Agritech driven by data is modernizing farming in Asia

Agritech driven by data is modernizing farming in Asia. Source: Microsoft News

How agritech driven by data is modernizing farming in Asia

  • Agritech startups in Asia are gathering data-driven insights to make smart, sustainable farming decisions
  • Tech like AI, IoT, and autonomous agri-vehicles are being supplemented with data to automate agricultural decision-making

Agrarian culture is a critical component of livelihoods in Asia. Perhaps it should come as little surprise then that industrious startups around the region are constantly looking at ways to complement age-old farming practices with modern agritech, that can boost crop yields while reducing risks and inefficiencies for farmers.

Agritech (agriculture technology) solutions have sprouted up across the continent to try and coax sustainable growth, but there is not one definitive system or methodology that can be applied to easily automate farm work, as planting and harvesting crops are subject to a variety of factors including rain fall, environmental factors, planting criteria, available machinery, and so forth.

In addition, the growing issue of food security is also drawing attention to the last of sustainable agricultural practices in the region. FAO’s The State of Food Insecurity in the World 2009 paper found that the majority of the world’s poor and hungry came from the Asia Pacific (APAC) region, and following the 2007-2009 economic recession, 642 million people were estimated to be suffering from hunger or were undernourished during that time.

There have been a number of agritech startups approaching the sustainable food production issue from multiple angles. As a result, agriculture that relies on internet of things- (IoT) enabled hardware and cloud computing to deliver actionable, real-time data has been a reality for some time now.

Some, like Myanmar’s emerging agritech industry, are utilizing crowdsourced, user-uploaded data to build out their database of information, or providing one-to-one consultations with agronomic experts to help resolve common planting issues.

Others, like international robotics firm FJ Dynamics, had focused on artificial intelligence (AI), advanced smart manufacturing applications, and developing new energy capacities. The company which has R&D facilities in China, the Netherlands and Sweden is now supplementing its existing skills with data, digital modelling, and automation toolkits that can have a transformative impact on farming practices in Asia.

Most of FJ Dynamics’ agritech solutions are anchored by data. The firm taps Microsoft Azure to retrieve and store vast swaths of precision data, and this is integrated with the Microsoft Azure Intelligent Cloud Platform to provide an IoT platform where autonomous vehicles affixed with sensors can collect and analyze data.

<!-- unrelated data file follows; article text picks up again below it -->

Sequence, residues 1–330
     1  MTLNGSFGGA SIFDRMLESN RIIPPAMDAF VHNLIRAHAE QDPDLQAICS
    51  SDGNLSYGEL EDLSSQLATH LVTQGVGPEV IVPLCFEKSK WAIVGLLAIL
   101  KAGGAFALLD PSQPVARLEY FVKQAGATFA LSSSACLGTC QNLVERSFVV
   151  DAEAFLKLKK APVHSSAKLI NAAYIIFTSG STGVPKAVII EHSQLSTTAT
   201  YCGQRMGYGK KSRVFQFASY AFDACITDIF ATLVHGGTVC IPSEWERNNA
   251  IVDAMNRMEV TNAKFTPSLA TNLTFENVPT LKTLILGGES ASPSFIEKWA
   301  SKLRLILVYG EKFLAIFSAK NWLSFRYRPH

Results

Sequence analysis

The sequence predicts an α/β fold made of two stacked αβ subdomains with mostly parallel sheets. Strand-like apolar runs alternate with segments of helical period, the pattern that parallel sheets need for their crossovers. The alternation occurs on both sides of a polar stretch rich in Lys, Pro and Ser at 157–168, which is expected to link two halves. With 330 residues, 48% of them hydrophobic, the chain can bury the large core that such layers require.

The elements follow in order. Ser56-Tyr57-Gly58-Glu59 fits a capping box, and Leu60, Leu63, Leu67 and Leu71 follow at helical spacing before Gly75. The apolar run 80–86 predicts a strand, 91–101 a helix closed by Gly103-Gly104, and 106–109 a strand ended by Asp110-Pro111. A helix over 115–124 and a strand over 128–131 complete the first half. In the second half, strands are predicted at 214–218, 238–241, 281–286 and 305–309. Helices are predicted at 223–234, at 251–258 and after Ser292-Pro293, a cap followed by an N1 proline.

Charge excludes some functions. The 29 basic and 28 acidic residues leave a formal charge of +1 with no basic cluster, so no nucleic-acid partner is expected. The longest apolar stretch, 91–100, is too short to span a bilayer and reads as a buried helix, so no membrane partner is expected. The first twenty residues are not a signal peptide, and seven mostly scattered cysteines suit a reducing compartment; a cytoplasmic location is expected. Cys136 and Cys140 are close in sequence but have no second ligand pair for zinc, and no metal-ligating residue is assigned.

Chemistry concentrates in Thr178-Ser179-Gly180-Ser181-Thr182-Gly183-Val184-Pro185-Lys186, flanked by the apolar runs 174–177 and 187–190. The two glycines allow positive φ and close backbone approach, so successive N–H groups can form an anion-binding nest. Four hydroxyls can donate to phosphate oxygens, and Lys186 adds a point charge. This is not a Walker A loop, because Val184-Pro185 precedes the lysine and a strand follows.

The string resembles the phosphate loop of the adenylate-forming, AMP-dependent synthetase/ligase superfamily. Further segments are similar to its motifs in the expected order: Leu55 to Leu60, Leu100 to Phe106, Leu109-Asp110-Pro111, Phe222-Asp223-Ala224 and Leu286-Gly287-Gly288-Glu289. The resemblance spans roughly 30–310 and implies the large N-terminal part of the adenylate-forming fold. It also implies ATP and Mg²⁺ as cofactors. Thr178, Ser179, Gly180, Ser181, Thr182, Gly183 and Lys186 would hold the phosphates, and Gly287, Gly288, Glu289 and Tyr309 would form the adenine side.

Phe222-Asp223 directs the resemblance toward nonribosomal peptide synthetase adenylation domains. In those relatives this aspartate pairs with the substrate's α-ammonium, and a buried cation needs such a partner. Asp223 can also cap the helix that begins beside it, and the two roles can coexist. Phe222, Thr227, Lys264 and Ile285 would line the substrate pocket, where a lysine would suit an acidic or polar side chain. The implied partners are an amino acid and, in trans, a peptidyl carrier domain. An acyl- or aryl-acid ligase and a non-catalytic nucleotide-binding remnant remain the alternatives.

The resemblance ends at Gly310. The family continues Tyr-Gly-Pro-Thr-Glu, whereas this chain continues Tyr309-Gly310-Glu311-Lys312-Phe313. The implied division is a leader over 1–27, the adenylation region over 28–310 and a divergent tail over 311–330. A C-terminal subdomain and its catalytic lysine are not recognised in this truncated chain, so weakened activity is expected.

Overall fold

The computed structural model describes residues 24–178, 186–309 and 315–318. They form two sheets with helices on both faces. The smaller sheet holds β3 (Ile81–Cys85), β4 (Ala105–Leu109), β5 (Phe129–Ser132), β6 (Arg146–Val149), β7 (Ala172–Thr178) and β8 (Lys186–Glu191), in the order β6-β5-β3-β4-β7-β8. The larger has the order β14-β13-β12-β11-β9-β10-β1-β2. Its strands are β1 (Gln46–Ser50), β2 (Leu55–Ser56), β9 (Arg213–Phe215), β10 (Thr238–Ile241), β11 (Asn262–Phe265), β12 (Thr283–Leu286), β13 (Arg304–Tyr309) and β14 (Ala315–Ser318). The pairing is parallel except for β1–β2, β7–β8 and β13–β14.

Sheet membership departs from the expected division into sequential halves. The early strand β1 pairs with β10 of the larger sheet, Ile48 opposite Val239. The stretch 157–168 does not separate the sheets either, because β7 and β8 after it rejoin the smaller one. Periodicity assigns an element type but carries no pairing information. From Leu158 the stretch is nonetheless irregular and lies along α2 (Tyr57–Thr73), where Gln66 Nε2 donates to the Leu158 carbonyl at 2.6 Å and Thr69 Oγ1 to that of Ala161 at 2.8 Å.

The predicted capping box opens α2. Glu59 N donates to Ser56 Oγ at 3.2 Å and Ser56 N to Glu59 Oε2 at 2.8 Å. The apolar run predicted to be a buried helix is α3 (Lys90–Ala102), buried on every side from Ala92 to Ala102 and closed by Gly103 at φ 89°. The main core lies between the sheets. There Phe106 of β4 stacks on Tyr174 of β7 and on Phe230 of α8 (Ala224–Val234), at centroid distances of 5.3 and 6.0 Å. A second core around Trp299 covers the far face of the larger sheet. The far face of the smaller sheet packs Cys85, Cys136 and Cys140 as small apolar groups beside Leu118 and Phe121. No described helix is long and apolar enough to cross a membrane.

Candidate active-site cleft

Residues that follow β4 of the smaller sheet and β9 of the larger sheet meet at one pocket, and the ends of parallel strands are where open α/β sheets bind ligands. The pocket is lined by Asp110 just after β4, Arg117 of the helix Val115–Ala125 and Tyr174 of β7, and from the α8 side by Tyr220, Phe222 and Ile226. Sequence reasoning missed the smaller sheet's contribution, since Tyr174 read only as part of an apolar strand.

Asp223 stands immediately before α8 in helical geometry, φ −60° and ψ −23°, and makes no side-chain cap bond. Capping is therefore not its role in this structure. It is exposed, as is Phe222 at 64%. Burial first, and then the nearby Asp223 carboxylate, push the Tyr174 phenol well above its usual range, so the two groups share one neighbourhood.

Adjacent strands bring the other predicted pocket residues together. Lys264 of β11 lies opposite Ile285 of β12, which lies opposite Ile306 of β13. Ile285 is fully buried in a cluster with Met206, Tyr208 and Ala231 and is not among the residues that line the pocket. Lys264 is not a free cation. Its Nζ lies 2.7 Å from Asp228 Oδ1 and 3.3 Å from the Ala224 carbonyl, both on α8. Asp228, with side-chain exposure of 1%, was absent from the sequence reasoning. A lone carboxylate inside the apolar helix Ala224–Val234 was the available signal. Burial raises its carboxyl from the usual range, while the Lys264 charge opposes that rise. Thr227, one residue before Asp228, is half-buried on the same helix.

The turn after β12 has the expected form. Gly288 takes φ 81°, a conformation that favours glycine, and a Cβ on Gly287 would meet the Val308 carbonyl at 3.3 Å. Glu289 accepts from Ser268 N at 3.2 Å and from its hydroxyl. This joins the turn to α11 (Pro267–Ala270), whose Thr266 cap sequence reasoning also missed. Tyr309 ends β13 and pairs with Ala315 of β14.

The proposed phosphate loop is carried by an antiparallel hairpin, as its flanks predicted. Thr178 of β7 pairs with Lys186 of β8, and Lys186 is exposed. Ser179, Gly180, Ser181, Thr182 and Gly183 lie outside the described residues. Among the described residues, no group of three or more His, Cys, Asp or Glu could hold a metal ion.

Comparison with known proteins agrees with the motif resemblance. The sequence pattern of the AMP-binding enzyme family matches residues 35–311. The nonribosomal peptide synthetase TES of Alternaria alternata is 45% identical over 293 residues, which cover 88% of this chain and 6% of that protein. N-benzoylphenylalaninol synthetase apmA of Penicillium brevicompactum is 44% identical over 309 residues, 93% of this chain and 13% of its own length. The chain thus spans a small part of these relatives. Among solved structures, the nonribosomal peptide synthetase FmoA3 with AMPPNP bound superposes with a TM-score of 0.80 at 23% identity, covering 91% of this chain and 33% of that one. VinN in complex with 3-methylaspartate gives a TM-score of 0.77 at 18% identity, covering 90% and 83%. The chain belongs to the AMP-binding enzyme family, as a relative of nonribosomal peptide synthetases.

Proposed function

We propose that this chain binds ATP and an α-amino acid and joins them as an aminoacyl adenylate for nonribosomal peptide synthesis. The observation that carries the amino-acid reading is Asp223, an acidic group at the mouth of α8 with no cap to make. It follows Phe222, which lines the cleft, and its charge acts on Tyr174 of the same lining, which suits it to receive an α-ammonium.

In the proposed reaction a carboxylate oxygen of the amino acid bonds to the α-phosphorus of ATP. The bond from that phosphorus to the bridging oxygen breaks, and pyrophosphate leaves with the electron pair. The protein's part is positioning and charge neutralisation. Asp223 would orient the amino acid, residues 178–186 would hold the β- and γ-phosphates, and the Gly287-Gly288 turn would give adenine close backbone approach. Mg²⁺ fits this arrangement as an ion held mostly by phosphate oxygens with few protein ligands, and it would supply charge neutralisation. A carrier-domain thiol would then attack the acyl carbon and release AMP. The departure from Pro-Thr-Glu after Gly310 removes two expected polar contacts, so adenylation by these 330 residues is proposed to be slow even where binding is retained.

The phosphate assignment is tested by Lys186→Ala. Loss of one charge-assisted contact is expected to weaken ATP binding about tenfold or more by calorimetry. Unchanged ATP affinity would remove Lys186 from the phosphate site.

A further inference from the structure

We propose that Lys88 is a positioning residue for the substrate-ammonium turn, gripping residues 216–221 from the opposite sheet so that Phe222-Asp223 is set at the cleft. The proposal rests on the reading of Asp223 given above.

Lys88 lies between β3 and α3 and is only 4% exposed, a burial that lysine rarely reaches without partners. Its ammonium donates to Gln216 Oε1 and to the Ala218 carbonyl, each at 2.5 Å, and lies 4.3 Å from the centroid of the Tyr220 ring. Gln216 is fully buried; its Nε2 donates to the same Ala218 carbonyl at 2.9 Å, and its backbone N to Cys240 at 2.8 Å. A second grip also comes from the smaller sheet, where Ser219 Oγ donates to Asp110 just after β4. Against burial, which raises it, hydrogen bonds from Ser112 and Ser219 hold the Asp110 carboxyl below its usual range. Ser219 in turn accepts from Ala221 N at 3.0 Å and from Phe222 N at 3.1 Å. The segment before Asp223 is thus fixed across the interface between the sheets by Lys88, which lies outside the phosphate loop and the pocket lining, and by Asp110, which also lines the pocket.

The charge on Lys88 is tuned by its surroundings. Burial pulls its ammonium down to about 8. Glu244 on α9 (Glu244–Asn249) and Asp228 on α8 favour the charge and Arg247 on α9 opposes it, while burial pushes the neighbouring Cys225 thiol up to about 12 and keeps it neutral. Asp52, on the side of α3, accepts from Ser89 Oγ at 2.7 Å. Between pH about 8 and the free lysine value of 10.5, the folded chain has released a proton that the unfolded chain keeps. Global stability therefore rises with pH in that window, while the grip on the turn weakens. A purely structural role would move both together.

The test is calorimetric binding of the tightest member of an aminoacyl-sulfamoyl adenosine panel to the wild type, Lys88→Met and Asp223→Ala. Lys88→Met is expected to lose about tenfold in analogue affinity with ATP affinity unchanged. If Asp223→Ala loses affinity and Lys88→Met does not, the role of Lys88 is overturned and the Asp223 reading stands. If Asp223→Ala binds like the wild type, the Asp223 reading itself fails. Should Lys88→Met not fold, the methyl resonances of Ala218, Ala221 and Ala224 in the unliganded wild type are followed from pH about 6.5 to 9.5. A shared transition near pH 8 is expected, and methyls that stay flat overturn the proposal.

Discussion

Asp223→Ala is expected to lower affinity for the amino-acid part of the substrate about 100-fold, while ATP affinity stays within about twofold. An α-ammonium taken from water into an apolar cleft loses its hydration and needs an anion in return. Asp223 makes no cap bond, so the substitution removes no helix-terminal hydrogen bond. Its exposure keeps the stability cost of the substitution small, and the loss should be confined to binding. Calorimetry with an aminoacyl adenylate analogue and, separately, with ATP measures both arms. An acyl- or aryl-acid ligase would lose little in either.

Furthermore, FJ Dynamics has a range of fully autonomous agritech vehicles including automated tractors, harvesters, and rice transplanters that not only transmit IoT data, but can have their harvest route mapped out digitally. This 3D model can be used to control the rice transplanter for instance, not in the route it takes, but also the dispersal of fertilizer and measuring soil nutrient levels using its sensors and onboard equipment.

“Once you set up a 3D model of the farm, you don’t need to modify it until you do some modification or construction work that alters the plot,” explains FJ Dynamics CEO James Wu. “So you can use it for many years.”

These smart vehicles also harness the advantages of data to schedule the daily, weekly, and seasonal tasks necessary to keep a working farm operating. An example would be using past planting season’s data to inform this year’s planting schedule, right down to spraying the exact amount of pesticides and herbicides required – reducing time and wastage on chemicals and other resources.

Farmers in China claim that FJ’s smart robots have helped to improve efficiency by 10%. “Since these autonomous agriculture robots can work for 24 hours, it helps reduce the time I spent laboring out in the harsh conditions of the field,” one farmer commented.

IoT-enabled agritech is really proving to be important towards accomplishing sustainable farming goals, as can be seen in this innovative pilot program in Vietnam that is gaining wider acceptance.

Elsewhere, a Malaysian industrial drone maker is providing another industry-disruptive tech that will provide end-to-end surveillance solutions for monitoring crop growth and other agriculture monitoring needs, in a smart agriculture market that is estimated to grow from US$13.8 billion in 2020 to US$22 billion by 2025, according to research firm Markets and Markets.